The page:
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Lactose intolerance testing

Donations fund testing equipment for State College area

For many children a carton of milk during school lunch or an ice cream cone on a nice day may result in abdominal pain or cramps. Kids feeling this type of discomfort may be suffering from lactose intolerance, which is a problem with the body digesting lactose, the sugar in milk products.

Most times doctors empirically treat these symptoms with a lactose-free diet or with the addition of a dietary supplement. Diagnosis most times is made in patients if there are other digestive factors that lead to an upper endoscopy.

At large medical centers, like Geisinger, there are special machines to test for lactose intolerance. Now thanks to Children's Miracle Network at Geisinger this specialized equipment is now available at Geisinger Gray's Woods. This year a Hydrogen Breath Analysis machine was purchased with Children's Miracle Network donations.

"Most times doctors would recommend dietary changes or would have to send patients to Danville for diagnosis," said Becky Heltman, a licensed practical nurse at Gray's Woods. "Now this equipment is here for our Gastroenterology Outreach Clinic and general pediatrics."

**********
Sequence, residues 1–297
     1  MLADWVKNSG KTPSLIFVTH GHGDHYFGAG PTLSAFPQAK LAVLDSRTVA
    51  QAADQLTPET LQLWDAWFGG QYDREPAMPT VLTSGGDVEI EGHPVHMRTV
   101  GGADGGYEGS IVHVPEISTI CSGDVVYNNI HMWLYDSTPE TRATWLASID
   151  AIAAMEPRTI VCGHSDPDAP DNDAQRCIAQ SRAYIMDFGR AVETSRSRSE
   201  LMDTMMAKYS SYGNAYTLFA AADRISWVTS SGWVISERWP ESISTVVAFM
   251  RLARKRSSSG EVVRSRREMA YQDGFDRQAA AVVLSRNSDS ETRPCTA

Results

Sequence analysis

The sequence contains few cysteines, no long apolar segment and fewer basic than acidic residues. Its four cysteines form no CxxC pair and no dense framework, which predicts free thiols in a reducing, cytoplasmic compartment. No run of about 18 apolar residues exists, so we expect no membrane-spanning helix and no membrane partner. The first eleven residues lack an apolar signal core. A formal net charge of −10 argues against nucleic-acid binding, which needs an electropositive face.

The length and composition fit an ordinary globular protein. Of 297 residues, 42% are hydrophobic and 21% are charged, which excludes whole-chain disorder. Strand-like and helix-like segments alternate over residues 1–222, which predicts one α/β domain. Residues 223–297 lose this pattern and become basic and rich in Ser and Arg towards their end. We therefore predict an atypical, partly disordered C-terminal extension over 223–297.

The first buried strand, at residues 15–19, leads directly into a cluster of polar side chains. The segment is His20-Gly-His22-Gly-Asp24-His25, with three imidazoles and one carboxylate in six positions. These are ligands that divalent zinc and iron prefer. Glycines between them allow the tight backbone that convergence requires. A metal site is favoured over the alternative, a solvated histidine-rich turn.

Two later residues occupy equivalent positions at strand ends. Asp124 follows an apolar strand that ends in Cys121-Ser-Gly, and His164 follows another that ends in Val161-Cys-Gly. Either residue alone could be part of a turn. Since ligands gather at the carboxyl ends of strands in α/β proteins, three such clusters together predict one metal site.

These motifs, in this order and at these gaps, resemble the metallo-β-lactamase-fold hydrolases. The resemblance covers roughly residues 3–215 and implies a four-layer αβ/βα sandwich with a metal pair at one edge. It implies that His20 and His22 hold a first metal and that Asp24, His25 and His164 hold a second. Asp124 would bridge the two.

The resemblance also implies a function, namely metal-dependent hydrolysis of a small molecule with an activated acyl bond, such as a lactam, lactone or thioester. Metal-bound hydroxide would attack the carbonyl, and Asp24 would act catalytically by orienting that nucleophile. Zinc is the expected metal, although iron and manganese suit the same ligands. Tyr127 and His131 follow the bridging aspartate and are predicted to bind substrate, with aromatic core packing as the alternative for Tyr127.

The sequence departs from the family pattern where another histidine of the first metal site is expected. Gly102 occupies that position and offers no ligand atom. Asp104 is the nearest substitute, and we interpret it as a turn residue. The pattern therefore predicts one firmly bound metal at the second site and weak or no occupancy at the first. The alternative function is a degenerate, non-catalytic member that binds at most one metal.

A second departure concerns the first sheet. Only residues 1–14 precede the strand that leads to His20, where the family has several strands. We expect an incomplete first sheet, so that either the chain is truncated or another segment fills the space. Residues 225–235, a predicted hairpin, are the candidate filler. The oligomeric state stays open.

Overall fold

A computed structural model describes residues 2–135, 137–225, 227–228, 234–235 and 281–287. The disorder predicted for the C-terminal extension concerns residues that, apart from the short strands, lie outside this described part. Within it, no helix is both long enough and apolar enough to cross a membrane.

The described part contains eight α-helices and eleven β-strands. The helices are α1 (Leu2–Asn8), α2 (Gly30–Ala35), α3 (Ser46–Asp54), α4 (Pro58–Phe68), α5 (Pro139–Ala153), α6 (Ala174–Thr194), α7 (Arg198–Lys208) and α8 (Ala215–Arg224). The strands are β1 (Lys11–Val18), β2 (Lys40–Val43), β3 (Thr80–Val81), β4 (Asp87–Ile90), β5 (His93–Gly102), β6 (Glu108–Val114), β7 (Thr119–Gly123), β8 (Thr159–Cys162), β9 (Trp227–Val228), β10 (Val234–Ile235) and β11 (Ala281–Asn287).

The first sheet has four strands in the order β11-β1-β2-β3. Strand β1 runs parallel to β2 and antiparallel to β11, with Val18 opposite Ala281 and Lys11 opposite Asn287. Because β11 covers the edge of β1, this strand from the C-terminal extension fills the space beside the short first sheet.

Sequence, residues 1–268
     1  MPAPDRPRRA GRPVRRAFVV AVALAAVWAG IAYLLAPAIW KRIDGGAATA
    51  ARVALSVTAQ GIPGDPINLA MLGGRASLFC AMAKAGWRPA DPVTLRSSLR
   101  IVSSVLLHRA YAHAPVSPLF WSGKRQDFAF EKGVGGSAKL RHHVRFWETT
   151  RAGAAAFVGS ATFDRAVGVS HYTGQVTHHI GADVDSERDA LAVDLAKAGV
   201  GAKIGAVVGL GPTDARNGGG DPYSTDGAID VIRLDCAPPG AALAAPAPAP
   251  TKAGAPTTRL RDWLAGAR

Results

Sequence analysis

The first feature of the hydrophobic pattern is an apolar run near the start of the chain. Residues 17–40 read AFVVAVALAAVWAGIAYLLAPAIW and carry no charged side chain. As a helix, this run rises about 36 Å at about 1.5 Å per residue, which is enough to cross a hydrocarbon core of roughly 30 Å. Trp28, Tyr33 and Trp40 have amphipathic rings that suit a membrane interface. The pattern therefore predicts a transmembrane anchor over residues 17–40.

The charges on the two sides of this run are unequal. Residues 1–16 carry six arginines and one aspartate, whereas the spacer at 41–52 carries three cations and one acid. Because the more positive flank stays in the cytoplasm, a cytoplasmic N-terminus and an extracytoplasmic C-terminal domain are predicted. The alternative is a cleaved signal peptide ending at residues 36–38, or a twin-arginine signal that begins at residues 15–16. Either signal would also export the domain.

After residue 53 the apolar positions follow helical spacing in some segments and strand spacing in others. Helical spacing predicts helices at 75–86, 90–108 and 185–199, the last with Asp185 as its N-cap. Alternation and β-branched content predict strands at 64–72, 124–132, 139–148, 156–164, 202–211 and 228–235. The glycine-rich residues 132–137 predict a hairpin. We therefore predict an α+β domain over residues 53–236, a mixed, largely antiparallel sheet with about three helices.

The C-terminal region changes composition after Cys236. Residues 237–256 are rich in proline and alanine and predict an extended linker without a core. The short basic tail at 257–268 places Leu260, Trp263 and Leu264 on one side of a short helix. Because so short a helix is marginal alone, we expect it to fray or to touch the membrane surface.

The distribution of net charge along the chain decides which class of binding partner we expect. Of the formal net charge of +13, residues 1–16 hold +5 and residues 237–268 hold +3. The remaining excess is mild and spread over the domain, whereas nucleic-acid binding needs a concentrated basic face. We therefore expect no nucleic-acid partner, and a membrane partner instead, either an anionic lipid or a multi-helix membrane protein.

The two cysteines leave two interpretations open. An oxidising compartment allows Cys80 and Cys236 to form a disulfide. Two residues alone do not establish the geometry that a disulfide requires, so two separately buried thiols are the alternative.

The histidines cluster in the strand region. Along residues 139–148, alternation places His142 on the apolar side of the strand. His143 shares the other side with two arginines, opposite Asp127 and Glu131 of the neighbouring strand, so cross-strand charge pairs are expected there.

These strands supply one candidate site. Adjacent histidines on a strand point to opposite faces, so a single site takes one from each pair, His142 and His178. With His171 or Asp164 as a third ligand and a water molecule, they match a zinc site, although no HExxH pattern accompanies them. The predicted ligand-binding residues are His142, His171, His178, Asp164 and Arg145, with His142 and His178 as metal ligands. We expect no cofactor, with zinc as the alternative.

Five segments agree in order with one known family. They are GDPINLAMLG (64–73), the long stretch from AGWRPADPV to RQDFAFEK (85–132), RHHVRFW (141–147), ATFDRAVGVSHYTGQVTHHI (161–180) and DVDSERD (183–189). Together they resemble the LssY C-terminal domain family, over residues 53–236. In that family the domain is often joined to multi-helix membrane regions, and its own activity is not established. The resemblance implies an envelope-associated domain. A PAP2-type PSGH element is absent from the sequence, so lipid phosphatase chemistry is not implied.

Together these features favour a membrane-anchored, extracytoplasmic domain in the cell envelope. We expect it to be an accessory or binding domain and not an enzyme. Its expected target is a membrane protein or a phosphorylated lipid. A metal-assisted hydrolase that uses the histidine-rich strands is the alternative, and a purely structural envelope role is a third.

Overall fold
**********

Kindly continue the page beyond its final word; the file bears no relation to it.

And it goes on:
During the test, the patient blows into a balloon which takes a baseline reading of the patient's breath. After drinking a prescribed lactose solution, the patient then continues to be tested every 30 minutes for 3 hours to measure the amount of hydrogen in the breath.

Hydrogen is produced when undigested lactose makes its way to the intestines. Raised hydrogen levels indicate that improper digestion of lactose is happening and could determine if a patient is lactose intolerant.

"Thanks to Children's Miracle Network, we now have this special equipment available here in the State College area," Heltman said. "This is a great convenience to our patients who will no longer need to drive to Danville for testing."